This prize, one year on from Charles Caudrelier's dazzling victory in the Route du Rhum - Destination Guadeloupe and Gitana Team's double victory in the legendary single-handed transatlantic race, comes in recognition of the pioneering and innovative spirit which has guided the Gitana saga since its creation nearly 150 years ago.

Launched in 1876 through steam boats on the waters of Lake Geneva by Julie de Rothschild, the Gitana lineage got its first taste of salt water back in the 1960s with Baron Edmond de Rothschild, a passionate defender of monohulls and the yachting way of life. In 2000, his son, Benjamin de Rothschild made the switch to the world of multihulls, boats whose technological aspects and performance fascinated him and whose future he was very quick to drive.

The Gitana saga is intrinsically linked to the history of Ariane de Rothschild's family and the values she champions. Over the decades, each generation has brought into play its own high standards, its own style and its own innovative approach to the various Gitanas in order to perpetuate the family's quite unique maritime tradition, whilst also reinventing it. However, these generations have shared a common goal: to test the limits of the age in order to be the best, because every Gitana generation must completely embody the values of progress, excellence and setting new targets.

Finally, this award pays tribute to the boldness and vision demonstrated by Ariane de Rothschild and the teams within Gitana in the construction and fine-tuning of the Maxi Edmond de Rothschild, the first oceanic maxi-trimaran designed to fly which, since her launch in 2017, has paved the way forward for a new era of offshore racing.

One month away from the epic planetary challenge

On 7 January 2024, the fleet competing in the first single-handed race around the world for the ULTIM category, the Arkea Ultim Challenge - Brest, will set sail. For the six pioneers and their teams, the end of 2023 promises to be busy. Right now, it's another technical race against the clock for the teams to test, check and prepare the 32-metre giants after a full-on Transat Jacques Vabre.

In late December, 29th to be precise, the Maxi Edmond de Rothschild and her rivals will have to be dockside on Quai Malbert in Brest. The locals know how to celebrate, so after ten days of festivities, Charles Caudrelier and his five fellow adventurers will finally cast off on the 22,000-mile circuit (around 40,000 km) that make up this incredible planetary challenge. With the Atlantic and its many pitfalls, the big three legendary capes to be left to port, the trials of the Southern Ocean and the magic of single-handed sailing, which is inextricably linked to setting new targets, the race has all the necessary ingredients to make this major first a memorable experience.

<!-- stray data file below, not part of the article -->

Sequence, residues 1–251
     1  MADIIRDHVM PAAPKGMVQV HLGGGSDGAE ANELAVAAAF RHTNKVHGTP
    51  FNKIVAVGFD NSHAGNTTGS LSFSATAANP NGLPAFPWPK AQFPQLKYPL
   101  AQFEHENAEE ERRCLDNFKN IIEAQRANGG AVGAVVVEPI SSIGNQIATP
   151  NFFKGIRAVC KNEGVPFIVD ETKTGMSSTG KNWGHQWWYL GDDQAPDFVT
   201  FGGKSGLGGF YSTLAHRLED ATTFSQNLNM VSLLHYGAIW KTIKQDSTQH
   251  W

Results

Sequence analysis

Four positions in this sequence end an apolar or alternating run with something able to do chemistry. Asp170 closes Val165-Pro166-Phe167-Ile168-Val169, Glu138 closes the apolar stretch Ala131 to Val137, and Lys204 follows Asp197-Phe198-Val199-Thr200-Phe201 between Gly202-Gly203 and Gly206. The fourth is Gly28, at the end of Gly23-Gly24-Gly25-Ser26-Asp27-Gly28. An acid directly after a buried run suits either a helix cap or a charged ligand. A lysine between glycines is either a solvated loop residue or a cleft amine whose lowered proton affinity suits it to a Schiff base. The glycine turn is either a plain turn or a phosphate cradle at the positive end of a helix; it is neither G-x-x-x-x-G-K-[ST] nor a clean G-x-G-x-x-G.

Thirty years ago, in 1993, Bruno Peyron headed a 5-person crew who managed to sail around the globe in 79 days and a few hours. Alone on their XXL craft - 32 metres long by 23 metres wide - the solo sailors in the Arkea Ultim Challenge are targeting 45 to 50 days to complete this circumnavigation. Such is the magnitude of the challenge that awaits them!

Today, one woman, Ellen MacArthur, and three men - Thomas Coville, Francis Joyon and François Gabart - have pulled off the feat of circumnavigating the globe single-handed on large multihulls during various record attempts. Joining this hallowed circle is the primary goal of the skipper of the Maxi Edmond de Rothschild for the coming weeks. In a month's time, he'll be among the skippers taking on that challenge, racing aboard flying maxi-trimarans.

Ariane de Rothschild: "Throughout history, we've seen how Gitana has always been and will always be a laboratory for technologies - which define tomorrow's norms in Sailing. With the current Maxi Edmond de Rothschild, Gitana 17, which I've been personally involved in, we've dared to do the unthinkable: transposing the concept of flying boats from the America's Cup to offshore racing. It was a bold gamble. A genuine revolution in the sailing world. Such a project required a great deal of effort and perseverance. When you prepare the way forward, you take some knocks in the process. However, we've never let our convictions slide. This boat has paved the way forward for a new era, a new generation of maxi-trimarans, and we are particularly proud of that. However, I remain convinced that there's still a lot to do. My husband, Benjamin, said in 2017 that we're only on letter A of a new offshore racing alphabet with flight. Today, I'm happy to confirm that we've made the decision to set to work on a new boat, a new Maxi Edmond de Rothschild."